Li’An Chen


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An Approach to the Frugal Use of Human Annotators to Scale up Auto-coding for Text Classification Tasks
Li’An Chen | Hanna Suominen
Proceedings of the The 19th Annual Workshop of the Australasian Language Technology Association

Human annotation for establishing the training data is often a very costly process in natural language processing (NLP) tasks, which has led to frugal NLP approaches becoming an important research topic. Many research teams struggle to complete projects with limited funding, labor, and computational resources. Driven by the Move-Step analytic framework theorized in the applied linguistics field, our study offers a rigorous approach to the frugal use of two human annotators to scale up auto-coding for text classification tasks. We applied the Linear Support Vector Machine algorithm to text classification of a job ad corpus. Our Cohen’s Kappa for inter-rater agreement and Area Under the Curve (AUC) values reached averages of 0.76 and 0.80, respectively. The calculated time consumption for our human training process was 36 days. The results indicated that even the strategic and frugal use of only two human annotators could enable the efficient training of classifiers with reasonably good performance. This study does not aim to provide generalizability of the results. Rather, we propose that the annotation strategies arising from this study be considered by our readers only if such strategies are fit for one’s specific research purposes.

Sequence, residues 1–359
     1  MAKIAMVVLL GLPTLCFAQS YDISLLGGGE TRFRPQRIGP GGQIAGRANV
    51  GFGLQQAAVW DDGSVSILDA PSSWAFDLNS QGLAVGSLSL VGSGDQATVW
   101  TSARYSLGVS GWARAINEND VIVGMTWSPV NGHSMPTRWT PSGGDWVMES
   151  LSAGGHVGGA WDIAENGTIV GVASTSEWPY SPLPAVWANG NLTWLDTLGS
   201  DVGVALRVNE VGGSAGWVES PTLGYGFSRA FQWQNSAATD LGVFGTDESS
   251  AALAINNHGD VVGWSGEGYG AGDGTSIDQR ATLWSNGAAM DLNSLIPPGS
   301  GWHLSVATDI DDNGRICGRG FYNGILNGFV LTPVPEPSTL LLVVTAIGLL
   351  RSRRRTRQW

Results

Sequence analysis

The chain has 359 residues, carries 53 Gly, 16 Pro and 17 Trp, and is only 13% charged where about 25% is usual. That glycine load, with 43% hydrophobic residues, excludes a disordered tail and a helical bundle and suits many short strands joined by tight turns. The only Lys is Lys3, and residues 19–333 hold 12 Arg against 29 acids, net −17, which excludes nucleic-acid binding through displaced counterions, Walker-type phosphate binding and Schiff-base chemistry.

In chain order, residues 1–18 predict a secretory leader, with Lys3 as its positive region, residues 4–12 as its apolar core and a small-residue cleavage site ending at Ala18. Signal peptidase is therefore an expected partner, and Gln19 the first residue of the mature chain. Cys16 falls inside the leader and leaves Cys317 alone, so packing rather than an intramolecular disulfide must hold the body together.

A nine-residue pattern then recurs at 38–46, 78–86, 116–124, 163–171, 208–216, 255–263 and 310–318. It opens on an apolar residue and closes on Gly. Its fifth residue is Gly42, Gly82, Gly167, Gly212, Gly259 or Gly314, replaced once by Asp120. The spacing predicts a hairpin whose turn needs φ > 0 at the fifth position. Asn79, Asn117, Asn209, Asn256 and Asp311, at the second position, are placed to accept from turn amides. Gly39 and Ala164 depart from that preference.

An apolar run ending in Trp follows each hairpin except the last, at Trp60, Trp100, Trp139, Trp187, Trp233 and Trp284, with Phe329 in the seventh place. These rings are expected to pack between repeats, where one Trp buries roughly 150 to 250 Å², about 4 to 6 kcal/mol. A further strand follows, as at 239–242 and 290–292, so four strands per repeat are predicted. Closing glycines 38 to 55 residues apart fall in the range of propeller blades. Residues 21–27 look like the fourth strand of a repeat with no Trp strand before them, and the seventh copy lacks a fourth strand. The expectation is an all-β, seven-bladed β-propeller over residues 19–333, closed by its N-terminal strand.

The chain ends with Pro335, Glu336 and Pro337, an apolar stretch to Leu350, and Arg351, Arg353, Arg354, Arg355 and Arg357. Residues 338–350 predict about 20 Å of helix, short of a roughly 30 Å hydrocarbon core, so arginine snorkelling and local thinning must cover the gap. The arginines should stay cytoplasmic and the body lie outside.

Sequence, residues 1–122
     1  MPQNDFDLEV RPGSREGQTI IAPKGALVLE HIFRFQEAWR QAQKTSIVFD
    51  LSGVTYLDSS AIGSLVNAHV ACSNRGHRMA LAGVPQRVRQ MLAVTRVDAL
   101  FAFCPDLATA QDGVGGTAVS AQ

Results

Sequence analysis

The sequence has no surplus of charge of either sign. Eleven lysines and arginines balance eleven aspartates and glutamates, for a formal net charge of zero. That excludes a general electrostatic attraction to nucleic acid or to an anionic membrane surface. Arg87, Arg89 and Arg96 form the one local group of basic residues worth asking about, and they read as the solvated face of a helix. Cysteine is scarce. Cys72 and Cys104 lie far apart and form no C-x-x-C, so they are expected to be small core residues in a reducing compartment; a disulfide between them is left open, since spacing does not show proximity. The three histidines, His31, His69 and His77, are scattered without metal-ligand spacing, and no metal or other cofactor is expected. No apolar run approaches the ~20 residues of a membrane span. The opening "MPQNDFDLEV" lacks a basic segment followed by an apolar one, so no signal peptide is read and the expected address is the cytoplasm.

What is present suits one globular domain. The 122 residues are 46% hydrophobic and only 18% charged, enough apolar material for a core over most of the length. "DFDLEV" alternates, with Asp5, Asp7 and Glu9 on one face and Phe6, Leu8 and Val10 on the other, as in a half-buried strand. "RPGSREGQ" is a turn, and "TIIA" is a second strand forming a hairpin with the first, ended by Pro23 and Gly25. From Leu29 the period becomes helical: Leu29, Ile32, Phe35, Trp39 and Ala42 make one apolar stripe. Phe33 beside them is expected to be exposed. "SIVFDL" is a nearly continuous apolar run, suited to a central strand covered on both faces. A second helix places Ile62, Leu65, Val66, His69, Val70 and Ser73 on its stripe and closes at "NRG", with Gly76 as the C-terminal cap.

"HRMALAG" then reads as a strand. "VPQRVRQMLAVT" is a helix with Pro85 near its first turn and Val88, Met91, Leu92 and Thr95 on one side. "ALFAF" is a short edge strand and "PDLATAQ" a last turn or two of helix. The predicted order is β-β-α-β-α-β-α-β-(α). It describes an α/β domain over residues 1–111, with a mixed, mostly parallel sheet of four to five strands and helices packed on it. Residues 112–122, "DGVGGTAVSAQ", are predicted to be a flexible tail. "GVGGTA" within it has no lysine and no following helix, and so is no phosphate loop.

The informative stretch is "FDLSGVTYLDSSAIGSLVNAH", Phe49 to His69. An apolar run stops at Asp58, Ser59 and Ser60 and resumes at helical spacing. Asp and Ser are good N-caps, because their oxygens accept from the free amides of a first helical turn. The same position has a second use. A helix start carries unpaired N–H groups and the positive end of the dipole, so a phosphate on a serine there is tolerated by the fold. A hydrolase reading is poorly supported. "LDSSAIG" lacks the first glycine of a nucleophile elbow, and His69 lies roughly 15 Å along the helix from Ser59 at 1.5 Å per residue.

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A machine-learning based model to identify PhD-level skills in job ads
Li’An Chen | Inger Mewburn | Hanna Suonimen
Proceedings of the The 18th Annual Workshop of the Australasian Language Technology Association

Around 60% of doctoral graduates worldwide ended up working in industry rather than academia. There have been calls to more closely align the PhD curriculum with the needs of industry, but an evidence base is lacking to inform these changes. We need to find better ways to understand what industry employers really want from doctoral graduates. One good source of data is job advertisements where employers provide a ‘wish list’ of skills and expertise. In this paper, a machine learning-natural language processing (ML-NLP) based approach was used to explore and extract skill requirements from research intensive job advertisements, suitable for PhD graduates. The model developed for detecting skill requirements in job ads was driven by SVM. The experiment results showed that ML-NLP approach had the potential to replicate manual efforts in understanding job requirements of PhD graduates. Our model offers a new perspective to look at PhD-level job skill requirements.